This section of trail would eventually meet up with the Big Frog/Cohutta course and would merge with them for around 6 miles. During this section I was able to get around some slower riders from the other races and put in another big attack on a fire road section. I could tell my buddy didn't have the legs to stay with me so I left him. After the fire road, we entered some more singletrack. I worked my way through the groups and finally came up on a group of speedy dudes from the 65. I hung with them and used that opportunity to recover a bit. I knew there was another big gravel climb coming up and I wanted to attack again there. Finally the trail opened up to the gravel and I settled in on the climb yet again. I pushed hard here. I wanted as much time as I could get. The course turned off onto a HUGE gravel decent down the road we initially climbed. This is where the 20 milers split off from the other groups again. I was alone. I looked over my shoulder occasionally knowing I would see someone gaining. No one. At the next turn, we hit the same singletrack section from the beginning for a second time. I checked behind me again. No one. On the winding singletrack climb I could see a LONG way back down the mountain. No one. I was beginning to think I could actually win this thing. There were only 4 miles left at this point. I would have to flat or crash or possibly stop for a sandwich and nap to be caught. Still, I pushed. I just KNEW someone would catch me. At the next split, where first the course went right, it now went straight. This section was AWESOME. Technical, bermed, superfast downhill singletrack bliss. I blistered that section. At the bottom I made the turn back toward the pavement for the final mile of road back to the finish. I was constantly looking over my shoulder. Still, no one was there. I was going to do this. I came through the final bit and almost missed the final turn. I yelled to a girl walking by, “where's the finish?!” She was VERY surprised but pointed me in the correct direction. I rode, alone, across the line in just under 1 hour and 55 minutes.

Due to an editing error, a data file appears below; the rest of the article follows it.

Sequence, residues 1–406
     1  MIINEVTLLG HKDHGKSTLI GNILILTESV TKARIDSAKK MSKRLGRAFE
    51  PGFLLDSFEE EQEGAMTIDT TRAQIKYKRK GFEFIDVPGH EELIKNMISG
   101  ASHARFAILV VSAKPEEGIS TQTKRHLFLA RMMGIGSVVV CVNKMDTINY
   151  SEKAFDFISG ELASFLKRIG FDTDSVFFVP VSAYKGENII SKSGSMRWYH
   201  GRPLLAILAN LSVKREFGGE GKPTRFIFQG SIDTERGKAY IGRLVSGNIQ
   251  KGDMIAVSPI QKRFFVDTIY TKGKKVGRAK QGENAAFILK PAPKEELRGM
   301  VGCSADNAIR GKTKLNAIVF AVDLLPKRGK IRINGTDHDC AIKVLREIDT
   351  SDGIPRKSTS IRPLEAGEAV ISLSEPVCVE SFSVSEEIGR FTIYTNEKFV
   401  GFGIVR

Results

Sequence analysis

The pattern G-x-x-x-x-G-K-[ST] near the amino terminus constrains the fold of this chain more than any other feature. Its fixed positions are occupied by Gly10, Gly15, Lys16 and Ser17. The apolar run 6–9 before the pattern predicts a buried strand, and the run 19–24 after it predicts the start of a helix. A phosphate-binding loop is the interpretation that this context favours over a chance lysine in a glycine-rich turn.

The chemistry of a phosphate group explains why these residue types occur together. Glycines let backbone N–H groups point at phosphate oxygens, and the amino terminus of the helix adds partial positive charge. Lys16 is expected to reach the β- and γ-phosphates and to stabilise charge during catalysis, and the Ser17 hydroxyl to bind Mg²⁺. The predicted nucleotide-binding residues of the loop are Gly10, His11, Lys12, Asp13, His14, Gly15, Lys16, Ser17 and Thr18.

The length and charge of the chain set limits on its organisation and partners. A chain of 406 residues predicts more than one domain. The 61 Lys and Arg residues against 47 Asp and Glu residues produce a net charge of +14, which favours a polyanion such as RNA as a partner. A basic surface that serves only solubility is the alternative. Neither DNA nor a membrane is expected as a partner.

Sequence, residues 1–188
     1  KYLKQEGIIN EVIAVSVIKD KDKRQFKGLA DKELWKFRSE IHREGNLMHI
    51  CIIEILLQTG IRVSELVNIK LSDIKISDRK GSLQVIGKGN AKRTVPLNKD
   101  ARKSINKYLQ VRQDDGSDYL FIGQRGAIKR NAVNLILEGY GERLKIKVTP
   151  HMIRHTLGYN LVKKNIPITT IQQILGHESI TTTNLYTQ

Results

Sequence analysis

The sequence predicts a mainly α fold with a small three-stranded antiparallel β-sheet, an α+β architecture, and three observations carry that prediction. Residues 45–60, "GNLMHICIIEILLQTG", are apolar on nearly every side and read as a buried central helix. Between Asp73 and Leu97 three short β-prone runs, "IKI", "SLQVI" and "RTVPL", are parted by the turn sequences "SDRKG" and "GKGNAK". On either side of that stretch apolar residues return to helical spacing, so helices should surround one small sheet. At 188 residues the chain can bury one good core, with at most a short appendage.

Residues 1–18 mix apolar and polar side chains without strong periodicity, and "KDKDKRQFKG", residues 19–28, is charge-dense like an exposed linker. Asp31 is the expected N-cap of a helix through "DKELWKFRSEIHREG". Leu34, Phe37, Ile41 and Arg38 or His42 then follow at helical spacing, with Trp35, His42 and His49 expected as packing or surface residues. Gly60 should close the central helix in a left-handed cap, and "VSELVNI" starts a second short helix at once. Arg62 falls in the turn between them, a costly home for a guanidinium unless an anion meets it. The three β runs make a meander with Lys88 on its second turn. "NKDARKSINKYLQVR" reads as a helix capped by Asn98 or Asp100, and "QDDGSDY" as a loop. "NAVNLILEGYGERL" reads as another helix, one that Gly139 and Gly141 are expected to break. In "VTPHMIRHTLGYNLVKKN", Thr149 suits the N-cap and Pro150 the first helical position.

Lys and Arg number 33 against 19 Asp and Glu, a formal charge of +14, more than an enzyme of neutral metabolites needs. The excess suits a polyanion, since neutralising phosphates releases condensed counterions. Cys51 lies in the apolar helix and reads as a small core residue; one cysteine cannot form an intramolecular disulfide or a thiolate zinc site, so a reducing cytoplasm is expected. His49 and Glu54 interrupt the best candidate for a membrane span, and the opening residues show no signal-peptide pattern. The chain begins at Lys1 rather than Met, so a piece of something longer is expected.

This course was absolutely fantastic. I felt like it was tailor-made for my riding style. Long, grinding climbs; flowy singletrack; technical singletrack all rolled into a little slice of mountain bike heaven. I am glad I opted to drop from the 65. The 20 was the perfect ride for me today. I got everything right. It's not often that happens but today... was a good day.